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Conflict Resolution Activities for Middle School

Instructor: Rachel Tustin

Dr. Rachel Tustin has a PhD in Education focusing on Educational Technology, a Masters in English, and a BS in Marine Science. She has taught in K-12 for more than 15 years, and higher education for ten years.

Teaching middle school students strategies to resolve conflicts is an important life skill. This lesson will look at sample activities that can be used to teach students to resolve conflicts. They will include activities that are kinesthetic, auditory, and linguistic in nature.

Resolving Conflicts

If you have taught for a while in middle school, then you know that conflicts happen among students on a daily basis. They can range from small issues, such as the ''He touched my pencil!'' to more dramatic issues, such as ''She stole my boyfriend!'' Regardless of the scale of the conflict, students need to be taught how to handle themselves in these conflicts and resolve them. This is a skill that will carry them far in life, and is just as important as reading and math.

Role-Playing Conflicts

The first step in conflict resolution, especially with students, is to get people talking about the conflicts they experience in their lives. Start by having students stand in a circle around your classroom. Have students begin by passing a ball across or around the circle, and whenever they catch the ball have them complete the statement ''I get upset when … .'' You can even restrict it to things that make them upset at school or at home, if you wish. As they make their statements, keep a list on your whiteboard so you have it for the next part of the activity.

Next, form students into small groups, and have them discuss one of the examples of things that make them angry from the list on the board. You can assign them an example from the list or let the team choose. Give students 10-15 minutes to create a brief skit to demonstrate the conflict from the example the team chose. The skit also needs to include how the team members think they would resolve the issue at the heart of their skit. Each team then needs to present their skit to the class.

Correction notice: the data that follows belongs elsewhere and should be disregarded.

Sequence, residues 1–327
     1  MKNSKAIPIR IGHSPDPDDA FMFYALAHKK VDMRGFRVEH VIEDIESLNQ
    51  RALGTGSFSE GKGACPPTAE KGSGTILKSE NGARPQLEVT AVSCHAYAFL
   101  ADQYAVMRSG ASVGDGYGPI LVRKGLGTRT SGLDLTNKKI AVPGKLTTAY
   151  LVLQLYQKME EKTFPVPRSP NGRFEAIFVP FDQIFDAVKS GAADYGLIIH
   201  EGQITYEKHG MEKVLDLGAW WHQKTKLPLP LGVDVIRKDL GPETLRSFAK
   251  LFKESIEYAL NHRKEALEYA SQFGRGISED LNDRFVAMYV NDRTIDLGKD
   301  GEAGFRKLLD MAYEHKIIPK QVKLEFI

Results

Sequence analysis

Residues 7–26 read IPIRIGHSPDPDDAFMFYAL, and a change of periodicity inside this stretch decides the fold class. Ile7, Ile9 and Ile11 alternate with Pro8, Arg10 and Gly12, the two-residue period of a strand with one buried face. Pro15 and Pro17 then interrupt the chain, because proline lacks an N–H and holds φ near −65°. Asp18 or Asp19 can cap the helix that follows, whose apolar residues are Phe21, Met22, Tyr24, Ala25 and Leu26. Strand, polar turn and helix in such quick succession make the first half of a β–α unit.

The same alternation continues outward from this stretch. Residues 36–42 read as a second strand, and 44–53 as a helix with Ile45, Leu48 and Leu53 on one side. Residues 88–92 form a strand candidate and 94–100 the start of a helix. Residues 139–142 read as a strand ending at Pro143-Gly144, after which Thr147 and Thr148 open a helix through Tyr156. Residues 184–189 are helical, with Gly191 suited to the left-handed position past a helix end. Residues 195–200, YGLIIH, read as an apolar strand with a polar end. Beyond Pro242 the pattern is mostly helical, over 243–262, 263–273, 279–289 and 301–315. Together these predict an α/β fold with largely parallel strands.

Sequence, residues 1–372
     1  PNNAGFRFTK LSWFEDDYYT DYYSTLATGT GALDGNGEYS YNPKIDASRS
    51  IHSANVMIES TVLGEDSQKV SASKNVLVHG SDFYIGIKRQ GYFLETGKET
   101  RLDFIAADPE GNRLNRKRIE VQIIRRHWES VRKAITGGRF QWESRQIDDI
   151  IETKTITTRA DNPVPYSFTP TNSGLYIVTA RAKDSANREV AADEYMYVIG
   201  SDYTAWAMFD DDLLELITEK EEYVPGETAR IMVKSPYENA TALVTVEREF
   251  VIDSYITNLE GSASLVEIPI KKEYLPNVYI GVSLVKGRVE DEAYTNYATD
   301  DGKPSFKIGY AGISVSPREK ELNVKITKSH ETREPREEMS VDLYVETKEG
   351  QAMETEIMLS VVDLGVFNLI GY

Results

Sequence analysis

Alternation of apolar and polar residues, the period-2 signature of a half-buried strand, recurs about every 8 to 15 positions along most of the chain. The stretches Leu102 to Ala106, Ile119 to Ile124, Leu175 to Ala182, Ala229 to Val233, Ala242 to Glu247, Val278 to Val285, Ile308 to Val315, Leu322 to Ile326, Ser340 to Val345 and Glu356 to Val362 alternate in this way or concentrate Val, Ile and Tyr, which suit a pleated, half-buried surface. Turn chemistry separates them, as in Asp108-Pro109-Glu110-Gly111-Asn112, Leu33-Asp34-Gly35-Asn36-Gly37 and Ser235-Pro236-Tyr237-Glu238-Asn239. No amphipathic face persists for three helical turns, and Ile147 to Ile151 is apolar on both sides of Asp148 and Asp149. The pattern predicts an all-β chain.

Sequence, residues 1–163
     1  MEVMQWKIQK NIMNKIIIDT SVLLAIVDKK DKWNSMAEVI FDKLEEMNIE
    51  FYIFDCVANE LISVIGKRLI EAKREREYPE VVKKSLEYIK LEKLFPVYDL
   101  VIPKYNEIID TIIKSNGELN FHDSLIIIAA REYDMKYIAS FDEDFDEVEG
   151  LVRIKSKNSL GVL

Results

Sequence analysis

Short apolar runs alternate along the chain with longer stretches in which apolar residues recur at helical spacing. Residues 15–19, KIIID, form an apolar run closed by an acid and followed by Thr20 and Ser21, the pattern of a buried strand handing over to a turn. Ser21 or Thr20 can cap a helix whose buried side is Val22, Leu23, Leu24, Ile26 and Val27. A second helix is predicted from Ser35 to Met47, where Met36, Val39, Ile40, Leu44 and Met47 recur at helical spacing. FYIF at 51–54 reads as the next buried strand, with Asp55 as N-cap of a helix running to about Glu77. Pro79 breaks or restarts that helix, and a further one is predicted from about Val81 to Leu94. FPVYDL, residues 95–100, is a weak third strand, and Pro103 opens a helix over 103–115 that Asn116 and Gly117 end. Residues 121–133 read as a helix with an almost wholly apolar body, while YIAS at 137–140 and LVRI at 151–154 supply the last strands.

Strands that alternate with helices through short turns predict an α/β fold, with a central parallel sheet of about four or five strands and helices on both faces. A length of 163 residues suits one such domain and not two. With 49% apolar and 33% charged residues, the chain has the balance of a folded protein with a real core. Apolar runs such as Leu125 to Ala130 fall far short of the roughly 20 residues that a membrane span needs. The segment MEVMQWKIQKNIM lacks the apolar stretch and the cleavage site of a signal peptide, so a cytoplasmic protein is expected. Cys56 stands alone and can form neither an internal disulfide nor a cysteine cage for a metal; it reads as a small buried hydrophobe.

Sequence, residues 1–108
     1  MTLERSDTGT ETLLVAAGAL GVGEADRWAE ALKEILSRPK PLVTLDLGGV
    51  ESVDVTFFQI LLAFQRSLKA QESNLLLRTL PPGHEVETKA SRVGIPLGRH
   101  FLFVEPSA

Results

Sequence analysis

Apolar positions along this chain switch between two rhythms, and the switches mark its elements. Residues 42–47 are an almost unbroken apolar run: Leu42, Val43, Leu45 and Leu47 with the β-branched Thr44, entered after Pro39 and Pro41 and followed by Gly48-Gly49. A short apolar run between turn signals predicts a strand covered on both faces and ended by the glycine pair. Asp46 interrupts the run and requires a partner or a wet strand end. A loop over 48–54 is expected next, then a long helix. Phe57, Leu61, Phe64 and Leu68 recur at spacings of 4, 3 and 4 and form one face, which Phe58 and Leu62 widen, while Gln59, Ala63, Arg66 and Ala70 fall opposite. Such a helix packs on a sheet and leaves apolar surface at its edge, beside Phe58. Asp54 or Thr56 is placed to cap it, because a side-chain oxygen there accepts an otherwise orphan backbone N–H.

Role Playing Conflicts
Role Playing Conflicts

At the end of each skit, have the class identify the conflict in each skit and discuss how the team members chose to resolve the conflict. As a class, brainstorm other strategies they could, as students, have used to resolve the situation. Repeat this for each skit presented in the room.

Teaching Students to Identify Types of Conflict

When working with students to develop their conflict resolution skills, it helps them to be able to identify different types of conflicts. For example, one type of conflict is avoidance, where one simply avoids addressing the issue altogether. Another type of conflict is accommodating, where one person gives in to the others around him or her. Competing is a third type of conflict where the need to win is more important to the parties involved than actually resolving the conflict itself.

For the following activity, split your class into teams, and give each team the chart below. In their teams, have them brainstorm examples of conflicts they have seen that fall into one of the three types. Be sure to remind them that even if they have been involved in the conflict, they shouldn't use real names in their examples; we want to keep it anonymous for the purposes of this activity.

Types of Conflicts
Types of Conflict

Then, go around the room and have each team share their examples with the class. It is important to rotate between groups, so that each team only shares one example at a time. As students share their examples, remind the class that this isn't time for discussion. Once each group has shared, have students write reflectively on one example that particularly hit home with them. In particular, ask them to explain how they would handle that conflict.

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